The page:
2006-12-01

Freezing Water by Fast Hydrostatic Decompression

It's my understanding that freezing water fast enough to prevent crystallization and its negative effects on biological systems is a classical probem in cryobiology and cryonics. A more mundane application is food preservation, where flash-freezing has demonstrable advantages over slow freezing.

It makes sense that water is slow to freeze, because it has such large thermal mass. In a body of water of any appreciable size, the time it takes to conduct heat away from the central regions to the periphery is significant. There are inherent limits to the speed at which heat can be conducted out of a body of water. Freezing water by lowering its temperature is, obviously, limited by the speed at which you can move heat away, and the larger the body of water the slower that speed becomes.

But there's another way to freeze water. Consider the phase diagram for water here. The line from point M to point O represents the boundary between liquid and solid phases, and is either the freezing line or the melting line depending on which side you start from. Water is fairly unique among materials in that this line has a negative slope; among other things, this is an expanation for why ice is less dense than liquid water. For my purpose, please notice that at higher pressures the freezing point of water is lower than at ambient and lower pressures.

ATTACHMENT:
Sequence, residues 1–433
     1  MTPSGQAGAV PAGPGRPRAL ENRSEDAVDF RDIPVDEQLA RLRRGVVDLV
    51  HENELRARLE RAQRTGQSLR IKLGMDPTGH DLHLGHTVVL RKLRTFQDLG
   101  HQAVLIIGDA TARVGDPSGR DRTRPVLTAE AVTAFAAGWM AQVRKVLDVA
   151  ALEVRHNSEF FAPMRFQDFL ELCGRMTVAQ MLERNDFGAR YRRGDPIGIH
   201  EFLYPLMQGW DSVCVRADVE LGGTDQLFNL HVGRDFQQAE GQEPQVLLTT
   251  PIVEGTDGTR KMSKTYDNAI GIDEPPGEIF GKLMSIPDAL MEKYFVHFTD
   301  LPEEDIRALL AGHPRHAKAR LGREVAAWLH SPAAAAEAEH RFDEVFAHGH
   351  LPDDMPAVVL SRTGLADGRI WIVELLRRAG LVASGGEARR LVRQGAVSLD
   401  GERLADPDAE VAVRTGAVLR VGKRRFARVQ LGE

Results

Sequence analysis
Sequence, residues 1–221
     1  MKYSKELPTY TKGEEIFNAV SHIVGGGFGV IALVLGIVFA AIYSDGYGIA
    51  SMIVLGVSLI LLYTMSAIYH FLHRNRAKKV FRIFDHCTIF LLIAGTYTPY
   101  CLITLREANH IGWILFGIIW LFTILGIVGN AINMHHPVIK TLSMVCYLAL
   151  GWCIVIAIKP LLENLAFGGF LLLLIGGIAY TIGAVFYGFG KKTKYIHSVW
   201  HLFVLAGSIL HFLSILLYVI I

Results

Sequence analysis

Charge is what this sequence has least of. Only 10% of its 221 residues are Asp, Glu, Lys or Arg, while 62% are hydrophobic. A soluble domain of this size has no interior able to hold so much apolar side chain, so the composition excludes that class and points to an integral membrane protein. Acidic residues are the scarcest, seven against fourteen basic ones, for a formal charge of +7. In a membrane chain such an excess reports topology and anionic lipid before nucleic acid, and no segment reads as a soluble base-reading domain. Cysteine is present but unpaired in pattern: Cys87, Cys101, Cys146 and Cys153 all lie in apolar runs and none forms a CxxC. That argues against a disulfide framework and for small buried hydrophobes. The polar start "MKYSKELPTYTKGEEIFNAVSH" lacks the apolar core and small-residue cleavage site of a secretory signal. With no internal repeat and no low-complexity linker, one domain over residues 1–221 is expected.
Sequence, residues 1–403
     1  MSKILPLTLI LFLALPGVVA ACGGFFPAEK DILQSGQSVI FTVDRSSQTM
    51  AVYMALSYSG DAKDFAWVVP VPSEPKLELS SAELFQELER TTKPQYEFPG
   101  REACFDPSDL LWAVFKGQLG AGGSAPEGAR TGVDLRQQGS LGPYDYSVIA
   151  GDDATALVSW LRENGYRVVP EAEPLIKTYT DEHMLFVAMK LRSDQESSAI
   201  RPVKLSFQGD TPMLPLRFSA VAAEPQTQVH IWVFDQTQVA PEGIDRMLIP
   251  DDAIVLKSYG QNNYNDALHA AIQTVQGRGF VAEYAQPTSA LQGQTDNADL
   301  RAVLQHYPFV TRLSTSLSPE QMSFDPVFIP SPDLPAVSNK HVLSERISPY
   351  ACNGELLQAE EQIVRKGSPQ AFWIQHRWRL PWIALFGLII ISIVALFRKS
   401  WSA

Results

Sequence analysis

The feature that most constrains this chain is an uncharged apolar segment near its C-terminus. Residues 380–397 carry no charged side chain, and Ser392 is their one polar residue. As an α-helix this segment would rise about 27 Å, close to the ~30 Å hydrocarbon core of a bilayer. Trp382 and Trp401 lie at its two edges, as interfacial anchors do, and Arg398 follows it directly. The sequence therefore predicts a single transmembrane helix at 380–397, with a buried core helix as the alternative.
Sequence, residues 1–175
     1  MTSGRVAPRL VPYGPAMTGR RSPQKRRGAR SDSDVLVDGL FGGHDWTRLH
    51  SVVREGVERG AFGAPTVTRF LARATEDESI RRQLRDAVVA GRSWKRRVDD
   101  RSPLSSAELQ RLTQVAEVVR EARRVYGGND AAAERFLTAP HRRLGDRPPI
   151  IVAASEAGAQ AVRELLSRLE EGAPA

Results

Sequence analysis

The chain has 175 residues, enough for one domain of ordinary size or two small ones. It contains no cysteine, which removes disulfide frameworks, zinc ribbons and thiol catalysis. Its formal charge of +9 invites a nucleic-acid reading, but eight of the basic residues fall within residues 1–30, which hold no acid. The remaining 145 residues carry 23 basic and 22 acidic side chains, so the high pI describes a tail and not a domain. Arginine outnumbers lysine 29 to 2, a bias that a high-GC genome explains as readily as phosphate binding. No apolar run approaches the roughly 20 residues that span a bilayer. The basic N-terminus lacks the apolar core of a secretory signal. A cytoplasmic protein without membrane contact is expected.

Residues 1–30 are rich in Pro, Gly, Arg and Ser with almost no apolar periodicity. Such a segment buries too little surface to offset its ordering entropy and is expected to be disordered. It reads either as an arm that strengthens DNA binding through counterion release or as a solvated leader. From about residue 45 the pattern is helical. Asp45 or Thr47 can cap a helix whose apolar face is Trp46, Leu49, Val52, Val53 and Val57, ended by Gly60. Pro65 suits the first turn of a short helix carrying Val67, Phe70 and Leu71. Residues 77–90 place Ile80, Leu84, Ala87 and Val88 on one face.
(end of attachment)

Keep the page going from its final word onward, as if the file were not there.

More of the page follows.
I propose to freeze water by first compressing it, so that its freezing point is lowered. Then it is cooled to a temperature below its freezing point at normal pressure. Because the elevated pressure will keep it in liquid form, it does not matter how fast the temperature is lowered, because the phase transition will be held off. Then, once it's cooled to, say, -5C, you rapidly release the hydrostatic pressure and the liquid, now under ambient conditions and well below its freezing point, should solidify very rapidly. Unlike temperature, the hydrostatic pressure of a liquid can be varied essentially instantaneously throughout its volume.

I read now here that this technique is actually in use to freeze food products. I haven't yet discovered if it has been applied to cryobiological problems, however. It's generally referred to as "Pressure Shift Freezing."

3 comments:

Mark said...

This should be easy to test with a small sample and some suitable single cell animals (so the effects can be easily observed). I understand that one problem with cryogenic effects on cells is the growth of large crystals domains, and this technique should result in very small crystals.
Perhaps unfreezing in the same manner would also be beneficial (for food and cells) -- less mechanical stress due to spatially variable contraction.
This might be the "hardware store" weapon of your 12/25/06 post.

Anonymous said...

Soooooooooo?
How did your experiments work out?

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